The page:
But you can get it with tenure and a pension

“It may be that in a state of nature, since it is a state of war, the life of man is solitary, poor, nasty, brutish, and short, but in our present state of mediocrity, it is cowardly, shallow, tedious, banal, and uselessly drawn out.” — William H. Gass, “To a Young Friend Charged with Possession of the Classics,” from A Temple of Texts

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Put that in your pipe and smoke it

“No amount of relativism, no degree of deconstruction, no namby-pamby pluralism, despite debunking, the disclosure of bias, the so-called unreliability of observers and their cultural conditioning—their class and color blindness—or the oft-bewailed problems of representation, language’s betrayal of the mind, should be allowed to shake the singleness, consistency, and wholeness of any happening.” — William H. Gass, “There Was an Old Woman Who,” from Tests of Time

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The mushroom people

“A book may have been published, but it is not available if I don’t know it exists; if it costs more than I can afford; if it is locked up and out of reach; if I am illiterate, or ashamed of bookishness, or teased or told I am uppity if I want to rise above my fellows.  Entire societies are devoted to keeping their citizens ignorant, unskilled, unschooled, fanatical in support of their own stupidity and of the forces which would switch off every intellectual light.” — William H. Gass, “The Shears of the Censor,” from Tests of Time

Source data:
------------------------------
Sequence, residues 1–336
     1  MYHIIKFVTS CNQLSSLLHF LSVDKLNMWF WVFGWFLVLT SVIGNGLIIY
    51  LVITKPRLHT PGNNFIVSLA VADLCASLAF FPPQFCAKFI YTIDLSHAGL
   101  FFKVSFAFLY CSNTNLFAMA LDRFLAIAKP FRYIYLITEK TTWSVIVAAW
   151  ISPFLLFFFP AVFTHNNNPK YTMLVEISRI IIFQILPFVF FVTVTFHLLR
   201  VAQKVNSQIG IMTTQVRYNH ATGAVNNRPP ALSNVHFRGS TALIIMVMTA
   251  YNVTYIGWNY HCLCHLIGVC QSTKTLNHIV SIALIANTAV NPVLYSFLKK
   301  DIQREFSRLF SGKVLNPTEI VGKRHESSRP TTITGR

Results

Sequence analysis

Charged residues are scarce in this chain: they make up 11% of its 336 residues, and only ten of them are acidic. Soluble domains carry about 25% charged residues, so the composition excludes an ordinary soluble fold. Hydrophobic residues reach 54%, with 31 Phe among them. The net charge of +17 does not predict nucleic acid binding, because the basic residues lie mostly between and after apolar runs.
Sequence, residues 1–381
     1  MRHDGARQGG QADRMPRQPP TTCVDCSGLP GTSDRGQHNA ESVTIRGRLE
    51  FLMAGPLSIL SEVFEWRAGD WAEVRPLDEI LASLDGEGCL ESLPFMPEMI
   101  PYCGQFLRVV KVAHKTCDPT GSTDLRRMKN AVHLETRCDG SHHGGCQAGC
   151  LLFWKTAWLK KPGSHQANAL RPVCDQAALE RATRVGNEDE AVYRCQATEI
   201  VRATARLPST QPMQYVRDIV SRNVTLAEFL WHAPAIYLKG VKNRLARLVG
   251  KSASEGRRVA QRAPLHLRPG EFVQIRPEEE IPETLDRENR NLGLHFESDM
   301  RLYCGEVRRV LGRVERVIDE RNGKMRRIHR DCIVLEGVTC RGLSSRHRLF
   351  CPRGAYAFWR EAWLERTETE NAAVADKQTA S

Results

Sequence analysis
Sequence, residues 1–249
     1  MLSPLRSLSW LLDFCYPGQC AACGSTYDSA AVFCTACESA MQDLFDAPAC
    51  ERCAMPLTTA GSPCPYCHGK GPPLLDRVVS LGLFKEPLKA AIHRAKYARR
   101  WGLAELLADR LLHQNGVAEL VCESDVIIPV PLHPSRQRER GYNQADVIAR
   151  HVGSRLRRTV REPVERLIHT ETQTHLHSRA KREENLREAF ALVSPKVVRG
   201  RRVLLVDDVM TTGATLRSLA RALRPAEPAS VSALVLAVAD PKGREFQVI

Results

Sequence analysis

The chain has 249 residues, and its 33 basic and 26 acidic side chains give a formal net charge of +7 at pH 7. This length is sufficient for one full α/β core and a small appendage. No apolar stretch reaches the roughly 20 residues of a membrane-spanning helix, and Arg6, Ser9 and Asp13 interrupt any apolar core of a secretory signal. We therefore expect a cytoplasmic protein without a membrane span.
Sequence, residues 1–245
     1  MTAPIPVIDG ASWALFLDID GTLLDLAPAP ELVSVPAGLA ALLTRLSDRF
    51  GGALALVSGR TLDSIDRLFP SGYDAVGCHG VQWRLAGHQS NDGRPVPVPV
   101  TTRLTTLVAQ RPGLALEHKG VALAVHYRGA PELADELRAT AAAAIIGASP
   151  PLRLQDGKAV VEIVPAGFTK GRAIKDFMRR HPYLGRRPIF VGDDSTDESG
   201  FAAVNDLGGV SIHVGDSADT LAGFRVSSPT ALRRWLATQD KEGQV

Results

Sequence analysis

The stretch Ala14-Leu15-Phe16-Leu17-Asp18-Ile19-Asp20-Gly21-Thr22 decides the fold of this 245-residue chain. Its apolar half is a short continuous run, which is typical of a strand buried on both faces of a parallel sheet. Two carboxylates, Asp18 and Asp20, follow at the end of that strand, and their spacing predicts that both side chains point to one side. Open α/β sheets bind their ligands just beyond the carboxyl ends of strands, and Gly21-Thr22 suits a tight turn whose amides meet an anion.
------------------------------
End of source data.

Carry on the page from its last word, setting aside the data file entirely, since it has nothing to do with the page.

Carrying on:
How do I autograph my ebook?

“Ideally, magazines should be supported by their subscribers.  But our educational system doesn’t produce such audiences.  We publish poetry; we don’t read it.  We like it performed for us so that it will, with the poet, take the plane.  And we like our few books autographed, because they will, one day, be worth more to our heirs and our assigns.” — William H. Gass, “The Shears of the Censor,” from Tests of Time


On sale now, at a low, low price

“The chief mode of censorship in a commercial society is, naturally enough, the marketplace.  It is not that we suppress serious books entirely.  But in capitalist countries, only on the margins can excellence be located.  Poetry and most significant fiction have to find a few little magazines to appear in, or an occasional small press which may be prepared to nourish them.  However, those obscure mags are read only by their editors; the presses are being pennied to death; while their distributors go bankrupt.” — William H. Gass, “The Shears of the Censor,” from Tests of Time